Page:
• Stretches should be performed in a comfortable range of motion, so no crying because it hurts so much, but you also want to feel like you are doing something too.
  • Alternate each side with each consecutive stretch, so as 1 side is resting, the other side is being stretched.
  • Perform the stretches 2-3 times each.

Post-Trainer Stretching Exercises

1. Calf + Cat

Come up to a standing position with your hands rested comfortably on the hoods.  Keep your weight equal on hands/feet.  Drop your head, roll your mid-back/shoulders, and lengthen your lower back.  Then, drop your heels down to stretch out your calves too.  I suggest switching your feet after each rep.img_0679

2. Calf + Camel

Same as above, but this time lift your head up, arch your mid back and try to bring your hips up to mobilize the joints of your spine.  Keep your heels down to keep stretching out those calves.  I suggest switching your feet after each rep.

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3. Hip Flexor

Hop off the bike.  Hold onto your bars with 1 hand for balance.  Take a big step forward, keep your back leg straight, bend your front knee, and move your body forward until you feel a stretch at the front of the hip on the back leg.  For a little more stretch, raise your arm up on the same side and lean back.

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4. Quads

Hold onto your bars for balance.  Grab your foot and pull your heel towards your bum until a stretch is felt in front of the thigh.  For more of a stretch, pull and extend your leg backwards.

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5. Hamstrings

Hold onto your bars for balance.  Extend a leg out in front of you, keep your knee straight, flex your heel up, and run your hand down your leg until a stretch is felt at the back of the thigh.

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6. Glutes

Pick a comfortable surface to lay flat on.  Bring your leg up, bend your knee, and pull your knee towards your chest until a stretch is felt in the glutes.

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7. Piriformis

Same position as above, but this time put your ankle on your opposite knee.  Reach between your legs for your thigh, and pull your knee towards your chest until a stretch is felt deep in the glutes.

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Get Faster on Flat Roads! Watts/CdA

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We always hear a lot about watts per kilogram when it comes to cycling, but what if I told you that isn’t the most important thing sometimes, dare I say even most of the time.  You see, watts per kilogram is crucial for the ultra mountainous events since the lighter and stronger a rider is, the faster they can scurry up a climb, but for the majority of cycling events, how much power you can produce in relation to how aerodynamic you can get is what really matters, aka Watts/CdA.  The weight of the rider is important here too of course as more muscle usually = more power, but more fat never = more speed! Before we delve into the sciencey stuff though, how can we define Watts/CdA?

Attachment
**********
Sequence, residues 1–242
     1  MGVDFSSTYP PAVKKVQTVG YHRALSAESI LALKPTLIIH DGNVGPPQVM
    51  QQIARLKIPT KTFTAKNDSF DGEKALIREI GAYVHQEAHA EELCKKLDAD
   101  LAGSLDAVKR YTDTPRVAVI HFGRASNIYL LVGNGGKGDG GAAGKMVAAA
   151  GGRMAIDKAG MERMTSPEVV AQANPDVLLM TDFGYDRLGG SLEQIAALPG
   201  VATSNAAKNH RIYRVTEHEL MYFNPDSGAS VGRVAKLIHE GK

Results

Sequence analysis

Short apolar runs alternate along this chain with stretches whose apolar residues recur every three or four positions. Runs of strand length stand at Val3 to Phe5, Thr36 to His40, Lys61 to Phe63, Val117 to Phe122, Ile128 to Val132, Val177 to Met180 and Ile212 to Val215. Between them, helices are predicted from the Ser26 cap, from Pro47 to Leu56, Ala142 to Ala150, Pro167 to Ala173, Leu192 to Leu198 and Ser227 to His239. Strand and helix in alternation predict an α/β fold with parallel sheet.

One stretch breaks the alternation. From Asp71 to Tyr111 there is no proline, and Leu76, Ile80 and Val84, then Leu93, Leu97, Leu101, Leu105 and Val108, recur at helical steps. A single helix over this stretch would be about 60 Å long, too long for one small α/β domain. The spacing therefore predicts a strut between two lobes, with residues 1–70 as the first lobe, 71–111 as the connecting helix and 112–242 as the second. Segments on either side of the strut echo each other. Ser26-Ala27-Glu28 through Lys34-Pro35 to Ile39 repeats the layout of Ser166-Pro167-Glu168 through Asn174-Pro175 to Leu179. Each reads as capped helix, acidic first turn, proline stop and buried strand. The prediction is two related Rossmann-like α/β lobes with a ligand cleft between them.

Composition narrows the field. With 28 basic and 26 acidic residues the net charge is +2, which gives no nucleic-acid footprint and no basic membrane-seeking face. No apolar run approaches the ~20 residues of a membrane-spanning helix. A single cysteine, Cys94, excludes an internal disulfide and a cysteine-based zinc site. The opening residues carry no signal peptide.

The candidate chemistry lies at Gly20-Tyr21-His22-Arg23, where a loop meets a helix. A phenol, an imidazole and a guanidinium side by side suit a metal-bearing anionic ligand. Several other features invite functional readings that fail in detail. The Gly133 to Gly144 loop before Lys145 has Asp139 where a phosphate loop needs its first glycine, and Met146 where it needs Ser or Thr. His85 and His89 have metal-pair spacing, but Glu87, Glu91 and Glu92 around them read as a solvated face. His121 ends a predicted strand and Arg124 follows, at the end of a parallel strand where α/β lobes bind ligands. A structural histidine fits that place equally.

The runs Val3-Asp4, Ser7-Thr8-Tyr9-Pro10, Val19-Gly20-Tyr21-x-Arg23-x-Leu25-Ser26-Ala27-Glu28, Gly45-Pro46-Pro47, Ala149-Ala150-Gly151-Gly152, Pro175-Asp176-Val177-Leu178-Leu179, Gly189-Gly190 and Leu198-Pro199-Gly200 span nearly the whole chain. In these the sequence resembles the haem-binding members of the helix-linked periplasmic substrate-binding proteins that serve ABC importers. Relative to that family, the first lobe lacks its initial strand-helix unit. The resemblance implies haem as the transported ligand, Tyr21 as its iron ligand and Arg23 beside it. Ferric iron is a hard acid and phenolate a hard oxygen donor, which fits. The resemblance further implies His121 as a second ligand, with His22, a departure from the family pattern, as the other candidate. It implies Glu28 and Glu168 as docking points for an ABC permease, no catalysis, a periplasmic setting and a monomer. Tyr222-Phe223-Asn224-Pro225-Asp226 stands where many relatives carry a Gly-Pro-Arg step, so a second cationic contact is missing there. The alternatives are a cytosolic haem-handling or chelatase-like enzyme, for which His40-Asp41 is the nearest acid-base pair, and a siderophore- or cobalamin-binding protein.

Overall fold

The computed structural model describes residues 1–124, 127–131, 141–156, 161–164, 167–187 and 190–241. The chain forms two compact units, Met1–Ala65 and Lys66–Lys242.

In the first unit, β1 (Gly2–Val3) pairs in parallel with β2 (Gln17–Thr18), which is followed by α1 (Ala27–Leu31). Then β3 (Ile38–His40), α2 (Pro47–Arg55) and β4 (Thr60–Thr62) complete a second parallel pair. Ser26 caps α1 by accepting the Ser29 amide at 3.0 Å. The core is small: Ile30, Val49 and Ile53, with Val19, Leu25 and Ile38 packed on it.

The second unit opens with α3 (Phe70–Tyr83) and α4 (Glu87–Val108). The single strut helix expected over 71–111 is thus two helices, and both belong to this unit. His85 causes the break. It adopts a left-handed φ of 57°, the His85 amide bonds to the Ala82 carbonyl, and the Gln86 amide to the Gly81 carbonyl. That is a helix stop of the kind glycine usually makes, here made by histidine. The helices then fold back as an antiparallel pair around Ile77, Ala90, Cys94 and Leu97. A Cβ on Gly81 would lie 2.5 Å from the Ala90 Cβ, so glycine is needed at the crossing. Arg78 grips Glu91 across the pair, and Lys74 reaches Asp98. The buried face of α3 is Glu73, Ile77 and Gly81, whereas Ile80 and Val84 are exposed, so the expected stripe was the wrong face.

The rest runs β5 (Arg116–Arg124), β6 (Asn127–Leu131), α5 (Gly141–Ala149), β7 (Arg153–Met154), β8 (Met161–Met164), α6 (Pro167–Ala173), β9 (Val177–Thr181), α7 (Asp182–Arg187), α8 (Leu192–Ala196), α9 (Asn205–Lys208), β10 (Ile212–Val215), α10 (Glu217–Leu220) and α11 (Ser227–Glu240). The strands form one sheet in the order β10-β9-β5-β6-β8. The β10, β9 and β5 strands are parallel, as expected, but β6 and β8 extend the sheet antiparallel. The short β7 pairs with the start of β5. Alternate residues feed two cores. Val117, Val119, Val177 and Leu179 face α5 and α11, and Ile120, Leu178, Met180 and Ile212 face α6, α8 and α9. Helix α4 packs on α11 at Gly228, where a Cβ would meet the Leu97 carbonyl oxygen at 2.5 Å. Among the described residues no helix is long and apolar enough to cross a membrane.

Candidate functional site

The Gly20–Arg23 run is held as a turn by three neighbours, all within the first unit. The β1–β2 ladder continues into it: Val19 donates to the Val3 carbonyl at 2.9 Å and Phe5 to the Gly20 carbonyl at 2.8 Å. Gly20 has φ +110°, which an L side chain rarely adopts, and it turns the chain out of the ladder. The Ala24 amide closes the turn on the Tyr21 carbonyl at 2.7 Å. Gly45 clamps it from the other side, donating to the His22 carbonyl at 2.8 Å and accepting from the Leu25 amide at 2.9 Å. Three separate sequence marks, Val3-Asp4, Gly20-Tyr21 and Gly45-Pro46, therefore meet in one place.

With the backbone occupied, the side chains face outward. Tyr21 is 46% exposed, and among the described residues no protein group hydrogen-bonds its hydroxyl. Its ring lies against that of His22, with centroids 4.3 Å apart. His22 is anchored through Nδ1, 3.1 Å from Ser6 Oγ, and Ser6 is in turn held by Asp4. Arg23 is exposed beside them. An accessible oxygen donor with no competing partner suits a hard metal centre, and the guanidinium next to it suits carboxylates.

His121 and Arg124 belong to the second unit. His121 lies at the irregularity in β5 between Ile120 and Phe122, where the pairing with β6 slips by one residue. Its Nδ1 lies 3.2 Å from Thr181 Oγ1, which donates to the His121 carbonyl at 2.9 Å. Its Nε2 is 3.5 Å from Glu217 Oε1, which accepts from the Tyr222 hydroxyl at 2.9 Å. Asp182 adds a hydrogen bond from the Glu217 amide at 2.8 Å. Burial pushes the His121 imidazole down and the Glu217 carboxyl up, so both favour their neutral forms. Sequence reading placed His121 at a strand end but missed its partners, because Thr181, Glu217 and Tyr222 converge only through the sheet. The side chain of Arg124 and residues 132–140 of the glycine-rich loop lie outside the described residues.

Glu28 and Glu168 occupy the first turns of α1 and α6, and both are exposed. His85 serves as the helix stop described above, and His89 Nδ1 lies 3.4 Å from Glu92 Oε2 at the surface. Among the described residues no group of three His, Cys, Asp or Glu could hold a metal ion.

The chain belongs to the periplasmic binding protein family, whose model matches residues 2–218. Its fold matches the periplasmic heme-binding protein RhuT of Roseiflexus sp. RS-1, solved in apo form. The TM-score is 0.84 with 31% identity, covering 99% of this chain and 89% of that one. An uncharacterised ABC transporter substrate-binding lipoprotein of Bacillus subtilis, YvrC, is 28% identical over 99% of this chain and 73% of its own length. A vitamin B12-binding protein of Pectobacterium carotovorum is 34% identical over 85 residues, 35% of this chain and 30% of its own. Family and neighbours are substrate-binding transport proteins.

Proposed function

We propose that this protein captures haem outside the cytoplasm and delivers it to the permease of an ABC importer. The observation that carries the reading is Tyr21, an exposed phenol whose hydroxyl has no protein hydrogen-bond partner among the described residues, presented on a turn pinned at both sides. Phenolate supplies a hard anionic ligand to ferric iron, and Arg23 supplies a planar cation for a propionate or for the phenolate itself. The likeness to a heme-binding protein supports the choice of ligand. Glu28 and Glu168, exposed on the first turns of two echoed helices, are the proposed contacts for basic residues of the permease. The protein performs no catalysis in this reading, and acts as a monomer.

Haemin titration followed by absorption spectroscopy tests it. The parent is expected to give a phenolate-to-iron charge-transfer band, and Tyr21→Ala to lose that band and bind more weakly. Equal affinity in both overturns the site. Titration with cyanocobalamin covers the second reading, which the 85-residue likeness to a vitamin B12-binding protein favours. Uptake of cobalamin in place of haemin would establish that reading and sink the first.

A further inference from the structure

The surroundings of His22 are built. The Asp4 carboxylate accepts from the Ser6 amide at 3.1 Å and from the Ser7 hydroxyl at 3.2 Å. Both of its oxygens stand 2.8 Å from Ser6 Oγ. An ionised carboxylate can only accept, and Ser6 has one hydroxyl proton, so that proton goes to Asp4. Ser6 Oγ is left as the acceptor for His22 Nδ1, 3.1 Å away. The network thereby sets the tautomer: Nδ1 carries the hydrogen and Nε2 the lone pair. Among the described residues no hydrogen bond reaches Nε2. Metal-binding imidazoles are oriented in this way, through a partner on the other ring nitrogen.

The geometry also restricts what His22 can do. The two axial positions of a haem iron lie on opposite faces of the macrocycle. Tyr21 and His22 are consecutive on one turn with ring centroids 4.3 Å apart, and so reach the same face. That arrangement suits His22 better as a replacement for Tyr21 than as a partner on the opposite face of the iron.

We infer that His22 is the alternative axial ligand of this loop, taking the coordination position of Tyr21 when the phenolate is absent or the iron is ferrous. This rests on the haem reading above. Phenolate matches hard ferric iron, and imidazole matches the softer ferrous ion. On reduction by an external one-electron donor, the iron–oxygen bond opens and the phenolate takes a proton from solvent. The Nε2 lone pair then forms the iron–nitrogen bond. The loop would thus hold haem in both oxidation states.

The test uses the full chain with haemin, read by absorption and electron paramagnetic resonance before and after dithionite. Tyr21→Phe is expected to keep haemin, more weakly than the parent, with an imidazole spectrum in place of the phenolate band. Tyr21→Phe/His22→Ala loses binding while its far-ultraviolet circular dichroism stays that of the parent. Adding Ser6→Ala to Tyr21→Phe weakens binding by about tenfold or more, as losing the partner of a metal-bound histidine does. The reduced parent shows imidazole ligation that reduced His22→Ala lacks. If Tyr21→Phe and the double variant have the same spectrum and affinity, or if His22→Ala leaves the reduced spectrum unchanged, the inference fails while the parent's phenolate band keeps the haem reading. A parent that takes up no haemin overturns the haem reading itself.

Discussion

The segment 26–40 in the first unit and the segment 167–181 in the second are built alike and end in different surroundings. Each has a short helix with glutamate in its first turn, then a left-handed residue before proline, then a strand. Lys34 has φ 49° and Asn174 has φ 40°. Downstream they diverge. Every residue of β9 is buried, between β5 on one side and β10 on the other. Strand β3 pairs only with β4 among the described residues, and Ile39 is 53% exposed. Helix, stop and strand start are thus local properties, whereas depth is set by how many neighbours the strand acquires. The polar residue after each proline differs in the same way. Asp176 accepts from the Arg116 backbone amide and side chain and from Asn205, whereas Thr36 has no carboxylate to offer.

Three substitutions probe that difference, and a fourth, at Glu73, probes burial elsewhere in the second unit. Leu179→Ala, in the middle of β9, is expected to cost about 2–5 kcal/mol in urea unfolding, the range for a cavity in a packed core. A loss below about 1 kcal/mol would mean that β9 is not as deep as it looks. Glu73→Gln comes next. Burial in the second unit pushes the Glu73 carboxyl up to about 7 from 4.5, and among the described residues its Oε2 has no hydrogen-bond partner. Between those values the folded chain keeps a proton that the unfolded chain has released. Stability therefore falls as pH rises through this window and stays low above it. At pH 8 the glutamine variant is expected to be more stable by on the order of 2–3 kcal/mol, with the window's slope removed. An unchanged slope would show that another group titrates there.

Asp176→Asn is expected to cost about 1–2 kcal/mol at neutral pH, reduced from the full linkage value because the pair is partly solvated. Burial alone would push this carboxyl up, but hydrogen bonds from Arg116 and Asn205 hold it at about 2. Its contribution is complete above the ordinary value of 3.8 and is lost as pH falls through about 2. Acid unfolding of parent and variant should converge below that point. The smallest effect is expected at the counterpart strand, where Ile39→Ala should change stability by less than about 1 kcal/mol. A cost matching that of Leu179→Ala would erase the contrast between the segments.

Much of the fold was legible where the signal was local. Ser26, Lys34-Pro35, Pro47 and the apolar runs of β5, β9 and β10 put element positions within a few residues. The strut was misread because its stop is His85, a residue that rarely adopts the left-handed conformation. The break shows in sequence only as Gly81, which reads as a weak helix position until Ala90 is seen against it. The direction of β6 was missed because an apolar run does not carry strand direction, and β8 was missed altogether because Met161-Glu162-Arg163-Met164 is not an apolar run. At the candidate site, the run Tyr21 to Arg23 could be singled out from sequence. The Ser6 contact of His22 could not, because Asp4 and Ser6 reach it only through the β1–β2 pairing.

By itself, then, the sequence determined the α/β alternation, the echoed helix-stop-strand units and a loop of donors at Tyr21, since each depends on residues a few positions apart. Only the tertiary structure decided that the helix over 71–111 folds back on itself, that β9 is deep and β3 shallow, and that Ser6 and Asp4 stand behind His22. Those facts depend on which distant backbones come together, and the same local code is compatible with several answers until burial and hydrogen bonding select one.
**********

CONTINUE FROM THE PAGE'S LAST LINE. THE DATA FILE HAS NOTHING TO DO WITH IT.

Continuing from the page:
Watts = Power being produced by a rider.  Cd = The coefficient of drag (wind).  A = How much frontal area a rider projects.  Watts/CdA = Power being produced by a rider divided by the coefficient of drag multiplied by the frontal area of said rider.  In essence, how good you are at turning your hard work into forward speed!  The lower the CdA the better.

Measuring CdA

You have really 2 options of measuring CdA: 1) Purchase time at a wind tunnel 2) Use software like Golden Cheetah, or an online calculator like this one from Cycling Power Lab’s website.  You will need a power meter for the most accurate CdA value.  You can also check out this great article from our friend, Dean Phillips of FitWerx, on field testing and figuring out CdA using the “Chung Method”.

Decreasing and Optimizing CdA

So now that you understand how to find out what your CdA is, how can you lower it?  Well, the greatest return on your investment is achieving a more aerodynamic position on your bike while being able to maintain your wattage output.  The latter half is crucial because you can get as aerodynamic and reduce your frontal area all you like, but if you can’t produce the power necessary to have it be advantageous, why do it?  This is why frequent field testing is important.  Figure out what worked well, what didn’t do much, and learn to optimize your position accordingly.  Then once you have that figured out you can play around with other aspects of your cycling garb like your helmet, shoes, kit, etc.  Just don’t be THAT guy at your next event that shows up on a $10,000 bike and can’t stay in his aero tuck for more than 2 minutes 😉

To give you a little better idea of where to spend your hard earned dough:

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Credit: Lindsey Underwood
Capture
Credit: Lindsey Underwood

Typical CdA Values

By Position:

  • Riding on tops = >.4 CdA
  • Riding on hoods = .32 CdA
  • Riding on drops = .30 CdA
  • Riding on aero bars (clip on) = .29 CdA
  • Riding on aero bars (optimized) = .26 CdA

By Gear:

  • Road Bike, Road Helmet, Drops = .30 CdA
  • TT Bike, Road helmet, Aerobars = .24 CdA
  • Road Bike, TT Helmet, Aerobars = .25 CdA
  • TT Bike, TT Helmet, Aerobars = .23 CdA

Ridiculous Values for the Hour Record:

  • Merckx = .26 CdA @380w
  • Moser = .25 CdA @400w
  • Obree = .17 CdA @359w
  • Indurain = .24 CdA @510w (holy cow!)
  • Rominger = .19 CdA @456w
  • Boardman = .18 CdA @462w

Imagine if Big Mig could get just a little more aero?  He would probably still have the record with that monster wattage!

So, what are watts/CdA?  A measure of how effective you are at transferring the power you create into forward motion.  You can decrease this value by optimizing your position and purchasing more aero kit, but be sure to perform frequent field testing to ensure you aren’t sacrificing overall speed for drag reduction.

Further Reading: